Mbale. Police chief Kale Kayihura has for the first time publicly apologised over police brutality against civilians after publication of gruesome photos of suspects tortured in custody sparked a political firestorm and wide condemnation.
“I ask people to forgive police for using excessive force sometimes when they execute their duties,” Gen Kayihura said, attributing the abuses to some of the officers not being up to policing task.
This is the Inspector General of Police’s (IGP) first contrite remarks on the reported cruel treatment of people detained in connection with the March 17 assassination of police spokesman Andrew Felix Kaweesi, his driver and bodyguard in a Kampala suburb.
The first batch of the suspects limped to court with open wounds and, with blistered palms in the air, pleaded with the presiding magistrate to order their immediate relocation from Nalufenya detention facility in Jinja District, where they said they were tortured, to Luzira Maximum Security Prison.
Weeks after, photographs were published by mainstream media and widely circulated on social media showing Kamwenge Mayor Geoffrey Byamukama crippled at Nakasero Hospital by septic wounds to the knees and ankles, which he said detectives inflicted on him.
Speaking on Sunday at celebrations to mark his re-appointment for a fifth three-year term as police chief, Gen Kayihura told Mbale residents that he had “forgiven” individuals maligning him and the police on social media.
“Let me pray for people who are against Uganda police to turn from hate to love. I have forgiven them,” he said.
Reported torture of suspects at Nalufenya, which the statutory Uganda Human Rights Commission in a report released last week, said involved plucking off of nails, mock executions and administering of electrical shocks on suspects, prompted Parliament to call for a closure of the facility all together.
Gen Kayihura, without directly addressing the Nalufenya situation or alleged recent torture incidents, however, acknowledged that “many mistakes are made by police because they are not well trained”.
“Police should protect the wanainchi (ordinary citizens), but not harass them,” he said, but took no command responsibility for the alleged violations that wayward elements in the Force perpetrate.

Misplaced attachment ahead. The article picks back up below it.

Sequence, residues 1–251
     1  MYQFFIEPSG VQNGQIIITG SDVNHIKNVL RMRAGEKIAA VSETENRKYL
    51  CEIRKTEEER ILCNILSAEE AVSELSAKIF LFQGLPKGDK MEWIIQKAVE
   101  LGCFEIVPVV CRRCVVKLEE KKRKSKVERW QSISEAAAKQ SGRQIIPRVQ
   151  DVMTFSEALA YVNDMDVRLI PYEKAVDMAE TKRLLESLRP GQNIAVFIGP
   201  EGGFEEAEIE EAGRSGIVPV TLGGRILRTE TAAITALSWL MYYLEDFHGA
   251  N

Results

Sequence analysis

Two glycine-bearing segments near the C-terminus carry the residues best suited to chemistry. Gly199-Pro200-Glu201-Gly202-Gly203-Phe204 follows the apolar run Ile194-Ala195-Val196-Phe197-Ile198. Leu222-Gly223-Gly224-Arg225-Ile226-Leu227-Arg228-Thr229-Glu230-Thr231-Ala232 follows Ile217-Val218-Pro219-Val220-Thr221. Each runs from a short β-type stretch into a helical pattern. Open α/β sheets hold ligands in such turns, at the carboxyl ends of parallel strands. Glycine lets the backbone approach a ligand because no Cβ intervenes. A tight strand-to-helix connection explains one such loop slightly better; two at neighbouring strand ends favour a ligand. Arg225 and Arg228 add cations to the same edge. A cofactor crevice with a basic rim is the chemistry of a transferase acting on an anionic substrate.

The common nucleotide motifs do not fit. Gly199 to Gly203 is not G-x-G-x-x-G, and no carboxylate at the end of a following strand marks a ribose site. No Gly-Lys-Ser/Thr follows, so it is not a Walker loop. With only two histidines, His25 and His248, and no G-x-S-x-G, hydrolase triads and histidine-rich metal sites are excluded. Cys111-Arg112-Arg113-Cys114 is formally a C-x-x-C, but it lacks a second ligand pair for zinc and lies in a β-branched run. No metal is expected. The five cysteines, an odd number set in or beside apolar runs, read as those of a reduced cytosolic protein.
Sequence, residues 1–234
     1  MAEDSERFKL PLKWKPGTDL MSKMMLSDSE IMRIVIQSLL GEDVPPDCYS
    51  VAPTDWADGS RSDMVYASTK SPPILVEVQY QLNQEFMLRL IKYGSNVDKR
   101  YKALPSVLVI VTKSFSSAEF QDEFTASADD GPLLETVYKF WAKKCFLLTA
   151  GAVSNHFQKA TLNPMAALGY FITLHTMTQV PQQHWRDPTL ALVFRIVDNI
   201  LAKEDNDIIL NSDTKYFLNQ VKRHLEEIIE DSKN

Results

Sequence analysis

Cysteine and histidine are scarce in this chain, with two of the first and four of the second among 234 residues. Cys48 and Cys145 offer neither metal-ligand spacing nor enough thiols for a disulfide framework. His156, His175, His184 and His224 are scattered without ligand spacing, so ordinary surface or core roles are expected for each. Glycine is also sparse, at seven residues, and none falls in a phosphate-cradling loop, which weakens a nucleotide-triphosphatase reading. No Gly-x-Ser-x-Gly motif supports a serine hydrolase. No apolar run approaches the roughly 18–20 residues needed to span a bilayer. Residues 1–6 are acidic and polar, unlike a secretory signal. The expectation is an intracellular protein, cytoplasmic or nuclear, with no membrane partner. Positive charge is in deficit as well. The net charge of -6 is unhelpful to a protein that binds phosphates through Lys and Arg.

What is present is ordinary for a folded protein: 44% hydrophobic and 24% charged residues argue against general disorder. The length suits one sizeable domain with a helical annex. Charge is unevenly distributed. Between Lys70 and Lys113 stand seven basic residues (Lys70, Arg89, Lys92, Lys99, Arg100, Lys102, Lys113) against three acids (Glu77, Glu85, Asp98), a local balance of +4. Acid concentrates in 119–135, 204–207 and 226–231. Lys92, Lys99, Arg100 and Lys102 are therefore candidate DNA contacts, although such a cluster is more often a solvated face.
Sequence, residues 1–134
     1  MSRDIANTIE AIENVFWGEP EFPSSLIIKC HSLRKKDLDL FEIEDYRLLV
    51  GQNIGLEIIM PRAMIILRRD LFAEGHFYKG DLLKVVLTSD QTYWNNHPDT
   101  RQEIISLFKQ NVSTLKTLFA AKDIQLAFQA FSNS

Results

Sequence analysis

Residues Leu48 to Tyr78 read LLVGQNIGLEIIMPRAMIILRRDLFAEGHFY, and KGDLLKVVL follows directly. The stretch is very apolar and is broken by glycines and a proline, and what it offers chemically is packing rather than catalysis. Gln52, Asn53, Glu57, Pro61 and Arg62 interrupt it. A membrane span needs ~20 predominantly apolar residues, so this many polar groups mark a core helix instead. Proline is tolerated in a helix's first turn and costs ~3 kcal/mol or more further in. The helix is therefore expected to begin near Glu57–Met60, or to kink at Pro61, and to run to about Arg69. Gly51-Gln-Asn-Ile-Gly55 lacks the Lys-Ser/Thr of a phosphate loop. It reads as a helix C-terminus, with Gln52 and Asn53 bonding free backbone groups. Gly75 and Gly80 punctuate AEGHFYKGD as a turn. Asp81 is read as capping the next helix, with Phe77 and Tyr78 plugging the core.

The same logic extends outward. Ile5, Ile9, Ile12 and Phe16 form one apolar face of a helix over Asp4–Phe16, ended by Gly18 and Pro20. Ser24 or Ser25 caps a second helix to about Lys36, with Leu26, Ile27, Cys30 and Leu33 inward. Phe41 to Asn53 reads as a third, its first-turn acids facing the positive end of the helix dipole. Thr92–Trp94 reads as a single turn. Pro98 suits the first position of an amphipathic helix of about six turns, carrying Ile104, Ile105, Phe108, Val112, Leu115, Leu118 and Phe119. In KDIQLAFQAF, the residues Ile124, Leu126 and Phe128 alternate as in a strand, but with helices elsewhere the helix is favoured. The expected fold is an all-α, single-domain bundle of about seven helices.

The fête at Nauyo Primary School in Mbale, the police chief said, had been organised not by himself as initially reported but by his admirers in political circles and police in the Mt Elgon region.
“What you have done; it’s not a small thing. I am like a born-again now and I thank God. I now know the reason why President Museveni started fighting [against] the bad government of Idi Amin from here,” he said.
His claim received endorsement from Mbale District chairperson Bernard Mujaasi and Mr Brian Mauso, the deputy national chairperson of crime preventers, a paramilitary police affiliate that Gen Kayihura created and superintends.
“I have seen a number of Inspector Generals of Police in Uganda, but Kayihura you are a different IGP; you have made Uganda proud,” Mr Mujaasi said, citing community policing as essential to declining crime in the country.
Police have for three years failed to release nation-wide crime statistics, making it difficult to discern with precision whether crime is on the rise or not. A spate of unexplained killings and burglaries in Kampala, Wakiso, Masaka and other districts have alarmed the population that human security – a key achievement of President Museveni’s government – is waning.
Uganda’s Constitution imposes on police the responsibility to protect life and property.
Speaking at a vigil for the slain police spokesman Kaweesi in March, President Museveni said criminals had infiltrated police and he asked Gen Kayihura to “clean up” the Force.
“Peace and stability should be available in this country. We don’t care about [what] the people [are] talking about you [Kayihura]. For us, we know you as a performer,” Mr Mauso, said.
Many in attendance were supporters of the ruling National Resistance Movement (NRM) party and donned Yellow T-shirts emblazoned with President Museveni’s image.
Elgon region, according to Gen Kayihura, is a political Mecca for freedom fighters. He declared no political ambitions of his own. In the 1970s, Mr Museveni, who at the time headed the Front for National Salvation (Fronasa), established a cell in the Elgon region to recruit for and advance interests of the rebel group. He later founded the National Resistance Army guerilla outfit, which enabled him to shoot his way to power in 1986.
In 2015, former prime minister Amama Mbabazi sought to launch his political consultations in Mbale as he made a bid for presidency.
He was, however, arrested at Jinja and prevented from continuing to Mbale.
His supporters, who had been waiting, engaged the police in riots, with the latter throwing teargas.
The IGP on Sunday promised to use his new tenure to audit and retrain police detectives he said are wanting in investigative skills; recruit some 200 scene of crime officers to strengthen evidence gathering; improve accommodation and general welfare of police officers; and, build the Force’s leadership.
Police crime investigators are discredited by bribe-taking, indolence and low skills, he said, requiring an overhaul.